April, 2012 / Author:

Its entrance is decidedly unprepossessing, but the building at 1060 Main St. has seen tens of thousands of patrons enter its portals over the past four decades. Like its clients, it has changed a great deal with the times.

Adonis – the steam bath, spa and mingling place for gay and bisexual men – was started in spring 1972 by a CBC makeup artist, Phillip Benson. Its location was chosen because the Happenings Social Club had its premises on Manitoba Avenue, so it was convenient.

For the GLBT community the 1970s were still the dark ages, with equality rights yet to be won. Homophobic cops still violently raided bathhouses in Toronto and the gay rights movement was yet to be born. Gay men faced oppressive societal discrimination.

At its birth in 1972 Adonis was called The Office. Benson, now dead, also owned apartments above the steam bath. “He mostly rented them out to his gay friends and kept rents very low,” recalls a friend who once lived in one of them. “Originally there were three businesses in the block, including a grocery. Eventually the baths took over the other spaces as it expanded.”

When Benson died his partner, Joe Miller, assumed ownership. The original premises were very basic with lockers and a few rooms plus a large, dark backroom. Later, the business was expanded, offering a 10-man hot tub on the main floor as well as three extra rooms. Today it has 26 rooms and 30 lockers. It is also being constantly updated.

In 2000, Miller sold the business to hospitality worker Doug Pomanski. He upgraded the spa and spent six days a week working flat out to improve it.  “It kept me very busy but today I have cut back to three days a week working hands on,” he says. “The original business was only a third the size of the present one. We are busy and I plan to keep on going.”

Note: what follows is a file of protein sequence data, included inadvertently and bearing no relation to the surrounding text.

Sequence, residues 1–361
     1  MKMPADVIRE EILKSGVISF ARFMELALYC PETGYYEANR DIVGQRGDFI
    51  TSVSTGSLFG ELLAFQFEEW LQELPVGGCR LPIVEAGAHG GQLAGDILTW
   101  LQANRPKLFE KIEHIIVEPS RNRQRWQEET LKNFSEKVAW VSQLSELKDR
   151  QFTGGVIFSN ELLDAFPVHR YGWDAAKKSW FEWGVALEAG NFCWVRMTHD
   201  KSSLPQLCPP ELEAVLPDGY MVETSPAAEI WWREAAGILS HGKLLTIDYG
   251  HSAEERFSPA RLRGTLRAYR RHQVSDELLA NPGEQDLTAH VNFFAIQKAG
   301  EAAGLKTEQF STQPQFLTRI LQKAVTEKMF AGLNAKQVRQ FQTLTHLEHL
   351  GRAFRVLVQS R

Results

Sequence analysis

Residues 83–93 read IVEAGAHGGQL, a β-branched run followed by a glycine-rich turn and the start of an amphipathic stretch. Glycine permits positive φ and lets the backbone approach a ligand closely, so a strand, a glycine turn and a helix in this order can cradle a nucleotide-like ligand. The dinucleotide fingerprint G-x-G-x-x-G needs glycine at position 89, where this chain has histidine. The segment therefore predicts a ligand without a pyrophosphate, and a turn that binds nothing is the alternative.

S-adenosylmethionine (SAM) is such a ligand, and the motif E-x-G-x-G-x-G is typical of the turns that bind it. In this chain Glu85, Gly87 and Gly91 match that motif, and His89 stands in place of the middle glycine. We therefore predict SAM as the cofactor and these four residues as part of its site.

The 40th celebrations will be held the weekend of April 20-22 and Pomanski says lockers will be half price all weekend. In addition there will be free coffee and doughnuts as well as lot of prizes to be won. “We have noon-hour specials and other promotions and we see a surprising number of bisexual and married men these days,” he says. “We are open every day and attract quite a few out-of-town visitors as well as locals.”

He says non-resident visitors like the fact they offer a 24-hour pass which allows men to check in and out and not have to pay twice. Besides the steam and sauna it offers tanning and a free wireless Internet facility. Adonis  has always maintained good relations with the police and never faced a raid or shutdown like some of those in Ontario. “We have firm rules and we always follow them,” says Pomanski. “We have always kept our nose clean and given the police no problems, so we have had none with them.”

Victor (not his real name) worked at the spa from 1980 until his retirement in 2010. He says there was a period when the fear of AIDS did hit business but it slowly recovered as people learned more and took precautions. “In the old days people were pretty freewheeling, but once AIDS came on the scene they became a lot more cautious,” he says. “I worry the new, younger generation isn’t quite as cautious because they know there are drugs to cope with it and prolong life.”

Victor says he believes Adonis is probably the oldest men’s sauna and steam bath in North America in the sense that it has been open continuously in the same location. Many baths in Toronto were shut down in the past. And in San Francisco they were ordered closed as AIDS caused a sense of terror.

He says original owner Philip Benson used to bring food in over the Christmas period and invited all the gay men who had no accepting family. “Their parents didn’t want them around for Christmas dinner so Philip gave them a place,” he says.

Victor recalls Adonis used to get very busy sometimes. “One weekend we had every room and every locker booked and we ended up having to put clients’ belongings in plastic bags at the front desk,” he recalls. “It was that busy.”


–Peter Carlyle-Gordge is a Winnipeg-based freelance writer.

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